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Apocalyptic Blues

Occultation – Silence In The Ancestral House
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If you ever wondered what Negative Plane would sound like with a little occult rock slant on their vocals and a touch of goth at the edges, then Occultation will tick all those boxes for you. While that’s a very basic premise, and one that only just grazes the periphery of their sound, Occultation are a curious blend of old world gothic horror and modern, dissonant black metal, and with Negative Plane’s E.M. handling the oddly charismatic tones of guitar, the band have much more in common with contemporary black metal than they do with traditional doom or dark rock.

Silence In the Ancestral House begins on anxious notes, with bells signalling the beginning of the journey, before subtle guitars chime and V.B.’s vocals usher in a deadly calm and lead into “The First Of The Last,” which is all doomed elegance, discordant progression and hidden groove. E.M.’s guitar style is layered thickly over the instrumental sections of the track, the off-kilter and curiously toned edges of that singular sound adds depth to the song which moves slowly and surely towards its final moments. “Laughter In The Halls Of Madness” picks up the pace somewhat, with quicker drum beats (V.B.) driving the track forward and into the burning nuances of “All Hallow’s Fire.”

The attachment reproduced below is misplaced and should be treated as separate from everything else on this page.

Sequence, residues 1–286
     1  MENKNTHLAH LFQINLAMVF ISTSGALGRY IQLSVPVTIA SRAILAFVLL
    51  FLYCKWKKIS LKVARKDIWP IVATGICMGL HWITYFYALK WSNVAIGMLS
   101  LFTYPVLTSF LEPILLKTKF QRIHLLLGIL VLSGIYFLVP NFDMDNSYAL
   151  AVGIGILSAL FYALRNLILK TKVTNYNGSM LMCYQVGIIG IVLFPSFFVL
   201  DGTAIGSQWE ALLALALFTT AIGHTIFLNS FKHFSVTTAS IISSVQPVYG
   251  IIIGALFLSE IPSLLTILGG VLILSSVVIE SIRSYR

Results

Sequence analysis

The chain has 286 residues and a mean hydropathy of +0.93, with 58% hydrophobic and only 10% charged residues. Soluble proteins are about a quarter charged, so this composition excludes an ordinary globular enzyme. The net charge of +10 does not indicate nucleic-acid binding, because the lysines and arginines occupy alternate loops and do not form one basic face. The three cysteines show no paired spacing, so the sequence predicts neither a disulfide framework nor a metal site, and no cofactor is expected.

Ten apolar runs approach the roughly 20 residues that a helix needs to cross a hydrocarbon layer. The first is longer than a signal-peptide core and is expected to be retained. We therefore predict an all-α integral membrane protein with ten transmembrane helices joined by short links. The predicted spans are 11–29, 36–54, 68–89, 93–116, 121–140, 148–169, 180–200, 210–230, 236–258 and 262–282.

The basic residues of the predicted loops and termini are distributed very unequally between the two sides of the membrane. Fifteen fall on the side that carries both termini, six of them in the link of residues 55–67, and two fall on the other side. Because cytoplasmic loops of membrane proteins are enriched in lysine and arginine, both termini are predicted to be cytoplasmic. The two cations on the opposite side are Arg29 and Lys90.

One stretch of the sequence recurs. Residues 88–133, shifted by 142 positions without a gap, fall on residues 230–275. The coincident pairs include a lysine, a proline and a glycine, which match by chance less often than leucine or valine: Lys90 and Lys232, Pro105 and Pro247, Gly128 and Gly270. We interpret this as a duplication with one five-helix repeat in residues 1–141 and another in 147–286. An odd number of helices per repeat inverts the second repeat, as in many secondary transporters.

Occultation take great strides to create music that is deeply atmospheric and Silence In the Ancestral House is a record that moves with the shadows and pulls through the darkness to work against the forces within. It’s eerie, and the supernatural vibrations that filter through the vocals and the monumental middle section of “The Place Behind The Sky” marks the band apart from other members of the over-saturated occult rock genre.

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The gorgeous simplicity of “Intermission” moves in waves of lightly plucked guitar that seep into the bones and create a sense of security and warmth, one that is all too quickly rendered obsolete by the fiery breath of “Forever Hereafter” and its high chimes of guitar that play against the bass of A.L. and lend the song a curious aura of opium-laced haze. Final track, “Silence In The Ancestral House,” begins on beautiful passes of mournful guitar, before the drums signal a change and the song bursts into life and gradually picks up a mesmerising pace and groove. Slower, quieter sections weave into the fabric of the song, allowing Occultation to bring you back to reality for a brief moment of time, before reaching out to pull your mind back into their way of thinking. Silence In the Ancestral House is a work of great substance, and the three members are clearly in the debt of magick, a feeling that shines through the murk of the record and holds you to ransom throughout.

Silence In the Ancestral House can be ordered through Profound Lore Records now.

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